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Will More Multifamily Permits Affect Rental Rates?

Will More Multifamily Permits Affect Rental Rates?

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Fueled by renter demand and investor appetite, developers started 24% more multifamily projects in the Chicago MSA in 2012 (9,425 total), according to the US Census Bureau's Building Permit Survey. Kiser Group principal Lee Kiser (second from right, with his band the T-Byrdz) is "a bit fearful" of that number and thinks today's sky-high rental rates aren't necessarily sustainable. Older properties and failed condo-turned-rental buildings (adaptive reuse by default) will only be able to compete with brand new buildings by offering concessions (half a month's rent off, six months free parking, etc), hesays.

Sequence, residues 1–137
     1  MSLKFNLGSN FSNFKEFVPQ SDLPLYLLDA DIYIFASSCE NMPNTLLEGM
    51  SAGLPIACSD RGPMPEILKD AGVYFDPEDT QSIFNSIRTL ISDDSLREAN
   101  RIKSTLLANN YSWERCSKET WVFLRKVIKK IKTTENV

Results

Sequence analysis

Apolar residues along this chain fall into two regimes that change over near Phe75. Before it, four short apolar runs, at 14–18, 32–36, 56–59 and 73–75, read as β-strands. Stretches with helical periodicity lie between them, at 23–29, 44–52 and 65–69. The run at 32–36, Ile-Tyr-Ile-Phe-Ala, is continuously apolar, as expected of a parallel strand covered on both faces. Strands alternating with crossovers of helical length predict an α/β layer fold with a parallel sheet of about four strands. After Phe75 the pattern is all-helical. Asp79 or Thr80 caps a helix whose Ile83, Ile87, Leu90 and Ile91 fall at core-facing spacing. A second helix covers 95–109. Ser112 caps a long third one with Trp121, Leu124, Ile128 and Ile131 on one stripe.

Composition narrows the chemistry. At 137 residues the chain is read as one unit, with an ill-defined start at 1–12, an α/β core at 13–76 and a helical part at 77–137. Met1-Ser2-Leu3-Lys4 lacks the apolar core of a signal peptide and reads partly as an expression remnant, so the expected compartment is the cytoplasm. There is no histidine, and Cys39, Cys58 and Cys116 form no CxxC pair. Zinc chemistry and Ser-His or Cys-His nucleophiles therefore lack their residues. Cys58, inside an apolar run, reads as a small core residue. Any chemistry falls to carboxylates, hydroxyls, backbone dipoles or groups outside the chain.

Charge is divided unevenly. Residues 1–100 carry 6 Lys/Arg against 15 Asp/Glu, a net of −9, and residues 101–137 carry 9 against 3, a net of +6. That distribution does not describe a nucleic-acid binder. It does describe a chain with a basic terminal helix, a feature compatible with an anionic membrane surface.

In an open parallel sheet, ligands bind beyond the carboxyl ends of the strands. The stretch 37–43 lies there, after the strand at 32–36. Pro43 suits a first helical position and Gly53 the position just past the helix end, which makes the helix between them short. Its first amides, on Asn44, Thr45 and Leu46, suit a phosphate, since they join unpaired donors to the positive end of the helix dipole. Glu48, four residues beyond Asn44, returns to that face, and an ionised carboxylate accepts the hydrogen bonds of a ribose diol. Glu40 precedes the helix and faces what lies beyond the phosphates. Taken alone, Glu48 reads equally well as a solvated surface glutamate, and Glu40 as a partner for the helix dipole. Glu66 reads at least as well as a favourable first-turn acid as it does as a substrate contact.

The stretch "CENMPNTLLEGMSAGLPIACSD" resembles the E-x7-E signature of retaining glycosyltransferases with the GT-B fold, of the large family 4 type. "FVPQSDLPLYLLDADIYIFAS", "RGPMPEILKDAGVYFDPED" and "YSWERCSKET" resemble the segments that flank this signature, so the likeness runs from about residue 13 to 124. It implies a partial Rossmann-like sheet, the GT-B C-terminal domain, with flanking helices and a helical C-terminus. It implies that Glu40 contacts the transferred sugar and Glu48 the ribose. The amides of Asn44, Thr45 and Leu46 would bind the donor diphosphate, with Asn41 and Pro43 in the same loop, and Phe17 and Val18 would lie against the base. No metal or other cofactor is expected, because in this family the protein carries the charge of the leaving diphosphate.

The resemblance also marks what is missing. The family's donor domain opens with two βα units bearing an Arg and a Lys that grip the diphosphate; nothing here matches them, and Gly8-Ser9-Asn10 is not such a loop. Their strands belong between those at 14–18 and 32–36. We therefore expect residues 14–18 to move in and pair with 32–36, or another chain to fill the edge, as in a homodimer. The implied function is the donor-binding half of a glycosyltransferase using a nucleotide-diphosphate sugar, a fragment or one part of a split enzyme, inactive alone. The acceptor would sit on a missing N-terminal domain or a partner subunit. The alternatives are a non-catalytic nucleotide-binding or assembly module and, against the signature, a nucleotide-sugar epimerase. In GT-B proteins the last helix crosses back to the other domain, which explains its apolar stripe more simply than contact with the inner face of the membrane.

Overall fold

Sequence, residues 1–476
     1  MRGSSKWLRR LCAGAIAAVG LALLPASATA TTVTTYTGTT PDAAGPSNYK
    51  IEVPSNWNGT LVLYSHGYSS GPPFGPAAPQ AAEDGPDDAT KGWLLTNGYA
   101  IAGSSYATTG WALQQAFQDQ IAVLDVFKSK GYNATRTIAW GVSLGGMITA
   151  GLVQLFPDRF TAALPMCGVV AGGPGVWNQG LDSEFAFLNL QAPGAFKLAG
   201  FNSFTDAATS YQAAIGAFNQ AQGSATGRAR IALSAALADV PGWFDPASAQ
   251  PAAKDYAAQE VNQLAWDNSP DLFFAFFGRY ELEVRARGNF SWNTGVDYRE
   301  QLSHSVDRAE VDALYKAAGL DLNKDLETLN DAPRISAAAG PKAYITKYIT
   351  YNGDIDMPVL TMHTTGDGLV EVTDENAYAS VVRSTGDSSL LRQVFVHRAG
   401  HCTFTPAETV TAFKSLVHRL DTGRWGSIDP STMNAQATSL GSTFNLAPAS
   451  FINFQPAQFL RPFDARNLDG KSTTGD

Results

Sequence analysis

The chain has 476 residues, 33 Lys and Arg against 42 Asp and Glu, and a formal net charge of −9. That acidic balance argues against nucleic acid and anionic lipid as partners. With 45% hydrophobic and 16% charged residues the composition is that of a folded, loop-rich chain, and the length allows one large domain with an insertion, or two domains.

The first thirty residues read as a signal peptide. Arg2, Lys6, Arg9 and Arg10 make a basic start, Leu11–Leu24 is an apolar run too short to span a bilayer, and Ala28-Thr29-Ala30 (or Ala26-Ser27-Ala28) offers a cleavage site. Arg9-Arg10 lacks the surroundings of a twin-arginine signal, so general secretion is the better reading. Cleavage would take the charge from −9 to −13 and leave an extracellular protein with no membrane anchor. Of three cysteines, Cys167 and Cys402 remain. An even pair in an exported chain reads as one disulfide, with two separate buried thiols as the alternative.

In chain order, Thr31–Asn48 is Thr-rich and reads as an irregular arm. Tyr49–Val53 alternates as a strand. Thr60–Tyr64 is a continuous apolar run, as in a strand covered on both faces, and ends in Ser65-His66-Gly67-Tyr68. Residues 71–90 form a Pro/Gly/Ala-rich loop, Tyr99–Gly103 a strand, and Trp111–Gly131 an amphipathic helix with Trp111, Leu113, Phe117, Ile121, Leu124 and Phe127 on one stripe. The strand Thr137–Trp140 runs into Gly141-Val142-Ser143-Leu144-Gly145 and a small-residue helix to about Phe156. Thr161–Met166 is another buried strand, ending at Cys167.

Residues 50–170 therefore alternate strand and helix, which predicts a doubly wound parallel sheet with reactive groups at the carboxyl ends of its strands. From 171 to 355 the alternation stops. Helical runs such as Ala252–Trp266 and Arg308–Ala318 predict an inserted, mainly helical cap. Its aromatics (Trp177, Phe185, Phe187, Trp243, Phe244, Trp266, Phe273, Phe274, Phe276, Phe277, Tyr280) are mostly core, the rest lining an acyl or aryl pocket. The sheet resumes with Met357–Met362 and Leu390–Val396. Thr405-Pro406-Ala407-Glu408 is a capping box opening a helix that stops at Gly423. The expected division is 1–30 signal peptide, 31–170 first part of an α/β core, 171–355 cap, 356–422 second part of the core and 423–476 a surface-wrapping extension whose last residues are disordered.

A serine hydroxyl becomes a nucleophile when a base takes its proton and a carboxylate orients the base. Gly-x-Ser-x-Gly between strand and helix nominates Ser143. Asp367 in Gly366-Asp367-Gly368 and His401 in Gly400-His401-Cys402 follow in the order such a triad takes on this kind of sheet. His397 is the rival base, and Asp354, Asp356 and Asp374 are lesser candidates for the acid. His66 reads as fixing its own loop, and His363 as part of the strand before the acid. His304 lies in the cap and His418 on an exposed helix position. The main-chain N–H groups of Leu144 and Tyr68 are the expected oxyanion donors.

Lee predicts increased demand from multifamily investors this year, advising them to underwrite correctly based on movements in rent and in anticipation of so much new product entering the market. The real crunch will hit in 2014, when the bulk of the new units will be delivered and some of the tenant pool will be lost to a stronger for-sale market, making concessions commonplace. In today's building frenzy and $3/SF marketplace, "not many people are thinking about that," Lee says. But renters "ain't too proud to beg" (one of many songs covered by the T-Byrdz) and may soon have the upper hand.